How do you convert a % grade to the angle of degree. If you have a 14% grade, how do you find the degree?
Announcement
Collapse
No announcement yet.
percent grade to angle degree
Collapse
X

GuestTags: None

Re: percent grade to angle degree
Originally posted by UnregisteredHow do you convert a % grade to the angle of degree. If you have a 14% grade, how do you find the degree?
In this case, express as the percent as a decimal and plug in
angle = arctan(0.14) = 7.97°
(If it is rise/slant_length, use the arcsin function)

Guest
Re: percent grade to angle degree
thanks, you just helped me with my performance assesment for my physics class.
Comment

Guest
Re: percent grade to angle degree
Thanks JohnS, your simple explanation is exactly what I needed for my surveying homework.
Comment

Guest
Re: percent grade to angle degree
So a 100% grade is a 45 degree climb. As the grade goes from zero to 100, the angle goes from zero to 45 degrees. Is that relationship linear? If it was, then 1 degree would be 1/45 of 100, or 2.222%.
Or did I miss something? Also, what's a 50 degree grade (assuming we might find it in, say, San Francisco?
Comment

Re: percent grade to angle degree
Originally posted by Larry View PostSo a 100% grade is a 45 degree climb. As the grade goes from zero to 100, the angle goes from zero to 45 degrees. Is that relationship linear? If it was, then 1 degree would be 1/45 of 100, or 2.222%.
Or did I miss something? Also, what's a 50 degree grade (assuming we might find it in, say, San Francisco?
or rise/run = tan(angle)
tan(1°) = 0.01746 = 1.746%
It is pretty linear for small angles (under 6°) but gets quite non linear for larger angles.
tan(50°) = 1.19175, the rise is larger than the run. You might find it on a roof, probably not on a road.
Comment

Guest
Re: percent grade to angle degree
Yes. It's clear if you look at the tangent graph. Leaving zero it moves in a direction up and to the right. But it's rate of climb increases as it goes, passing 1 at 45 degrees, and heading for straight up and infinity at 90 degrees.
Thanks for the comeback,
Larry
Comment

Guest
Re: percent grade to angle degree
Thanks for the conversion formula. I ride a road bike and have wondered when fellow road bikers tell their stories of how hard the hill they just rode was and it was a (XX) % grade just what angle of rise it was, thanks.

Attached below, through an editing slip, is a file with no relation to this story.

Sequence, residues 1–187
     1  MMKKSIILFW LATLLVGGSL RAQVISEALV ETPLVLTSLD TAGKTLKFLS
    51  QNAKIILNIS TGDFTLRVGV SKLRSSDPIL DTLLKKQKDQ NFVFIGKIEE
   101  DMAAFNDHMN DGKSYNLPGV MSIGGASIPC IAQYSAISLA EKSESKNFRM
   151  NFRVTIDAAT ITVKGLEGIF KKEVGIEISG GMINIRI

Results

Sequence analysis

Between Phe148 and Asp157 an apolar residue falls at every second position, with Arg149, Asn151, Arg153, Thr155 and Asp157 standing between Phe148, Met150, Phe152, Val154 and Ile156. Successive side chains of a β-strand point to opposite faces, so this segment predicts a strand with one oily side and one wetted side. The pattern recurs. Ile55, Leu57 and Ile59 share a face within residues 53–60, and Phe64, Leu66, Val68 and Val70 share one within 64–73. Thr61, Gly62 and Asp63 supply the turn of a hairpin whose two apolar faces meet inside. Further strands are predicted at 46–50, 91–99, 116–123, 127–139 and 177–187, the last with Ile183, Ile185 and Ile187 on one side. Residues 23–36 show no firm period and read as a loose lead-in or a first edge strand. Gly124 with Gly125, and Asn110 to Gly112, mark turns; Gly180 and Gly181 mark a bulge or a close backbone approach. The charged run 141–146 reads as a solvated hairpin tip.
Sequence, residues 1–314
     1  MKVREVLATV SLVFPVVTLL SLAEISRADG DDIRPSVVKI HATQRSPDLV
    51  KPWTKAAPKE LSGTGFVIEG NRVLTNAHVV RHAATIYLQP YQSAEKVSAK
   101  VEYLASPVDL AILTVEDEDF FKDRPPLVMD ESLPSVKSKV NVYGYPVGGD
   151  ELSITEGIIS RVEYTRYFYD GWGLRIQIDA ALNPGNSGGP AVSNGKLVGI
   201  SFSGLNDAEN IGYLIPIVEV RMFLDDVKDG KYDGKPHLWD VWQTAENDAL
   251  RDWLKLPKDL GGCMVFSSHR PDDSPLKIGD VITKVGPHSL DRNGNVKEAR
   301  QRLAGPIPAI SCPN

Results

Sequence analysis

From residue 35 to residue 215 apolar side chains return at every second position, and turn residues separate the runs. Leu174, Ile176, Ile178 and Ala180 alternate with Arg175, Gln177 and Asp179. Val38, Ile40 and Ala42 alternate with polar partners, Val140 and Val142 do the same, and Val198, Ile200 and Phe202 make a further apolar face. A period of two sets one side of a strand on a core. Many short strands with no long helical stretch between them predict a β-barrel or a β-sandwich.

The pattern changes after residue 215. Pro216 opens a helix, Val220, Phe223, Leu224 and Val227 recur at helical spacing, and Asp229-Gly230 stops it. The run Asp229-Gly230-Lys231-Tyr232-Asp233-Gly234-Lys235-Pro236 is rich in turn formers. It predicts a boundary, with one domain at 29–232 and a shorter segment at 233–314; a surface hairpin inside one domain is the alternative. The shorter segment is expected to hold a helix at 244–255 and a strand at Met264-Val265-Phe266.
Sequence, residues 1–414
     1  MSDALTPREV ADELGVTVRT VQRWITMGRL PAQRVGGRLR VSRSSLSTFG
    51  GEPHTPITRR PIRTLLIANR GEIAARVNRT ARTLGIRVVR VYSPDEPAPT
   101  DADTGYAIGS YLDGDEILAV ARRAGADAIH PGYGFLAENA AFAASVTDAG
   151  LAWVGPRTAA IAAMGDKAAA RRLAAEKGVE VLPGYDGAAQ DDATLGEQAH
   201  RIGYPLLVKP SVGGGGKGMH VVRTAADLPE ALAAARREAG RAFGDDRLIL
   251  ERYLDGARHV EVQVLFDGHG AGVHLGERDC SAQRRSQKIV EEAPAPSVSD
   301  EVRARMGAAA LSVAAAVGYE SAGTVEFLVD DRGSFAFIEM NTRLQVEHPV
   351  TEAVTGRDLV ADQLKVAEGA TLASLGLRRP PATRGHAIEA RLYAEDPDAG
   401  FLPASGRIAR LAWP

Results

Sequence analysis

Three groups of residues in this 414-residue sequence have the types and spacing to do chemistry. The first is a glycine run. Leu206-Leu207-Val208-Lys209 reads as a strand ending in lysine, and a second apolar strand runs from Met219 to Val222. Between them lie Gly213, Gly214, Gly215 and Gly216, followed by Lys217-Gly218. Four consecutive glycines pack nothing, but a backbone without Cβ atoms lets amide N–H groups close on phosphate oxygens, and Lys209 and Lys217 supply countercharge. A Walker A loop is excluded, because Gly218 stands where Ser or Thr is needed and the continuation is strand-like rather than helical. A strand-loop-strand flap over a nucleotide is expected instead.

Bob
Comment

Guest
Re: percent grade to angle degree
My employer is unwilling to fork out the cash to purchase a couple of "slope meters" so I'm considering the generic alternative of using an angle meter (such as the Johnson Level & Tool 700 Magnetic Angle Locator as a "getmeby". I will be measuring slopes in the 2 to 8 percent range.
How do I convert the angles to get the corresponding slopes for each percent of slope (2, 3, 4, 5, 6, 7 and 8 percent)? It doesn't have to be "NASAaccurate"  obviously since I plan to use an angle gauge. But I'm hoping it will give me a close enough idea as to what percent slope my guys are setting.
Is this even possible or am I wasting my time?
Comment

Re: percent grade to angle degree
Originally posted by That1Guy View PostMy employer is unwilling to fork out the cash to purchase a couple of "slope meters" so I'm considering the generic alternative of using an angle meter (such as the Johnson Level & Tool 700 Magnetic Angle Locator as a "getmeby". I will be measuring slopes in the 2 to 8 percent range.
How do I convert the angles to get the corresponding slopes for each percent of slope (2, 3, 4, 5, 6, 7 and 8 percent)? It doesn't have to be "NASAaccurate"  obviously since I plan to use an angle gauge. But I'm hoping it will give me a close enough idea as to what percent slope my guys are setting.
Is this even possible or am I wasting my time?
As a decimal fraction slope = rise/run = tan(angle). If you want percent multiply the decimal by 100%
Example 4° angle is meaured. Slope = tan(4°) = 0.0699
In percent, this is 6.99% (or about 7%)
In reverse, take the slope in percent and divide by 100 so it is a decimal fraction. Take the arctangent
7% = 0.07
ATAN(0.07) = 4.004° or about 4° with sensible rounding.
Comment

Guest
Comment
Comment